With your support over the summer, Nicole began recruitment for the program in mid-August for an early October start date. Your contributions will help us purchase stethoscopes for the group, but we still need to purchase scrubs, blood pressure cuffs, and raise funds for CPR certifications and TB testing for the clinical internships. Will you help us inspire another group of young minds to pursue health careers? Please consider making an additional donation to our project and asking friends to do the same.

Thanks again for your generosity and continued support! We'll introduce you to the class of 2015 later in the fall.

Meet Nicole, New Program Coordinator
Meet Nicole, New Program Coordinator
Jul 15, 2014

Meet Joni

Joni
Joni

It has been an exciting and busy few months for LAYC’s Safe Housing program! In June, the Safe Housing participants and staff joined a group from the National Coalition for the Homeless and the Ali Forney Center to a rally in New York City to launch the National Campaign for Youth Shelter. This is a collaboration that will build a grassroots campaign to demand a national response to youth homelessness. During the rally, LAYC youth and staff listened to short speeches by leaders in the LGBT movement and the movement to end youth homelessness. The youth also had the opportunity to be interviewed for Lost in America, a documentary that gives homeless youth a platform to talk about their experiences.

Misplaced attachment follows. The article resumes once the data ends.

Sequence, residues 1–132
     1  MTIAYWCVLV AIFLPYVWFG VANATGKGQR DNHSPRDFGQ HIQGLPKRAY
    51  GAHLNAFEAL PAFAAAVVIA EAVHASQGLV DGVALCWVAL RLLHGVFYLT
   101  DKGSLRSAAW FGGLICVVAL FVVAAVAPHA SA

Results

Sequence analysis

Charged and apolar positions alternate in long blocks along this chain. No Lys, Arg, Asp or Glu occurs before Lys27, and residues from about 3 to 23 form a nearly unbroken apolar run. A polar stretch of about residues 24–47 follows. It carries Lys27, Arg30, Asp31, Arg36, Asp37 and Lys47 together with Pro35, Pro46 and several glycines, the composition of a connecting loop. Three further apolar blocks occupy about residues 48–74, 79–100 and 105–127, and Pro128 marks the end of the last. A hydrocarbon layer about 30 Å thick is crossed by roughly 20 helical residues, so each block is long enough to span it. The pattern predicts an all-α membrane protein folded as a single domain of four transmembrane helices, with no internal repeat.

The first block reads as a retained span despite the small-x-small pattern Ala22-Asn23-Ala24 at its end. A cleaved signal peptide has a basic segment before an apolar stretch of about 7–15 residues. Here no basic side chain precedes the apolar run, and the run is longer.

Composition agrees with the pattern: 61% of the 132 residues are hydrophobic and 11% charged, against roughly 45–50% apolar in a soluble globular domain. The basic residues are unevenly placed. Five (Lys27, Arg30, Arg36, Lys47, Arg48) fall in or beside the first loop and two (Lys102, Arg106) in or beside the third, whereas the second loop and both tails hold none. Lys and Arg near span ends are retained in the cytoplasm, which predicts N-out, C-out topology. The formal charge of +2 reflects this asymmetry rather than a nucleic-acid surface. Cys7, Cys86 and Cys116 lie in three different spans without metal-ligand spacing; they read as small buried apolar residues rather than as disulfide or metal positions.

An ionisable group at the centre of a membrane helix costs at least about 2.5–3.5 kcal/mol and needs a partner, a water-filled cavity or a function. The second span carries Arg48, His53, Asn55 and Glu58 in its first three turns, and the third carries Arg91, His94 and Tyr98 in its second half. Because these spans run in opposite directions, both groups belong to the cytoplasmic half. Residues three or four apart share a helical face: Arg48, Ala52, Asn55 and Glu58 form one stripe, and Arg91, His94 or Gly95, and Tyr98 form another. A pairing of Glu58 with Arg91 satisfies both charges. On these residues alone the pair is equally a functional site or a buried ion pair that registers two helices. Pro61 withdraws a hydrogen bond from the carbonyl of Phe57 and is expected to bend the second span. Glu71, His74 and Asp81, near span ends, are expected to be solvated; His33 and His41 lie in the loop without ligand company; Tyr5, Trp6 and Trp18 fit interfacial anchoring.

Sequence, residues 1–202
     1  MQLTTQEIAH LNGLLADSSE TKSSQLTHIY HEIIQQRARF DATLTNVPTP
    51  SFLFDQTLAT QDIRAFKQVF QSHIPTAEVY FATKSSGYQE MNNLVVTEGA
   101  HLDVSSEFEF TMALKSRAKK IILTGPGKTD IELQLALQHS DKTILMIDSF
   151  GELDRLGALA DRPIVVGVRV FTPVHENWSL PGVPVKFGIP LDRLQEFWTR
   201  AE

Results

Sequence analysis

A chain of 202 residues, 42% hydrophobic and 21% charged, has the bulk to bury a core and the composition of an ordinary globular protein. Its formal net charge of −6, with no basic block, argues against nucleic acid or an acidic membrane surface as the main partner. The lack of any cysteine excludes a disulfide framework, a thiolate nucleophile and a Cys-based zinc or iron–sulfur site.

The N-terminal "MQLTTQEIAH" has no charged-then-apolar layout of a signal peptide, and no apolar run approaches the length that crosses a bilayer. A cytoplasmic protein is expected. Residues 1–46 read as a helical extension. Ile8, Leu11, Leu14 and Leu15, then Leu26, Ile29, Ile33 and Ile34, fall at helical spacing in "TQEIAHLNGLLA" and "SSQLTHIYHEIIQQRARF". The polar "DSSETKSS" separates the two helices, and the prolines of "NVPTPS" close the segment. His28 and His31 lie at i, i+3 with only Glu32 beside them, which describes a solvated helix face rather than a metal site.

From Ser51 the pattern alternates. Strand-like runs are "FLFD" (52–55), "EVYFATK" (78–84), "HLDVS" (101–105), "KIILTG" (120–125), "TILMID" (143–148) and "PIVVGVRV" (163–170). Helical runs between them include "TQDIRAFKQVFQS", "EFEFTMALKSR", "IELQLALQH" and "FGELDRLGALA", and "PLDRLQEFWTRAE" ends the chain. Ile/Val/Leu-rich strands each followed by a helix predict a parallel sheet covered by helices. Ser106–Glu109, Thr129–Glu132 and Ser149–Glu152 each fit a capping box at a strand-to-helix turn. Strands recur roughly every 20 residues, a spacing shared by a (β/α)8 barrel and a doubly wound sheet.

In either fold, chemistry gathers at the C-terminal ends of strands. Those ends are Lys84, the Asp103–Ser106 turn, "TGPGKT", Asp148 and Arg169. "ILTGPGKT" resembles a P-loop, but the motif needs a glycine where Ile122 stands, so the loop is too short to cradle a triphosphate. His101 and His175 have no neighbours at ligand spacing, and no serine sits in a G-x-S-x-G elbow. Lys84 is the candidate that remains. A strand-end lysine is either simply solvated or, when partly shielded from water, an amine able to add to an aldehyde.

One of these youth is Joni, 21. Joni has been an LAYC participant for six years. At 15, her mother put her out on the street when she learned Joni was gay. Joni took the train from South Carolina to DC with her girlfriend. Soon after arriving in the city, Joni fainted (she did not know she had high blood pressure) and checked herself into an emergency room. The hospital contacted the local authorities, and that is how Joni became a participant in LAYC’s Safe Housing program. In the last six years, Joni has taken advantage of every opportunity to learn and experience new things, including participating in community service, GED classes, and job training. Today, Joni lives in LAYC’s LGBT transitional housing program and is weeks from sitting for GED and customer service certification exams. She plans to go to college and major in business administration.

LGBT youth are disproportionately over-represented in the homeless youth population, with as many as 40% of the nation's homeless youth being LGBT, while only 5% of the overall youth population is LGBT.

With your support, LAYC is able to help youth like Joni get the services they need to make a successful transition to young adulthood. Please consider making a generous donation to our project, and tell your friends. Together, we can make a difference in the lives of homeless and runaway LGBT youth and all youth who need our services.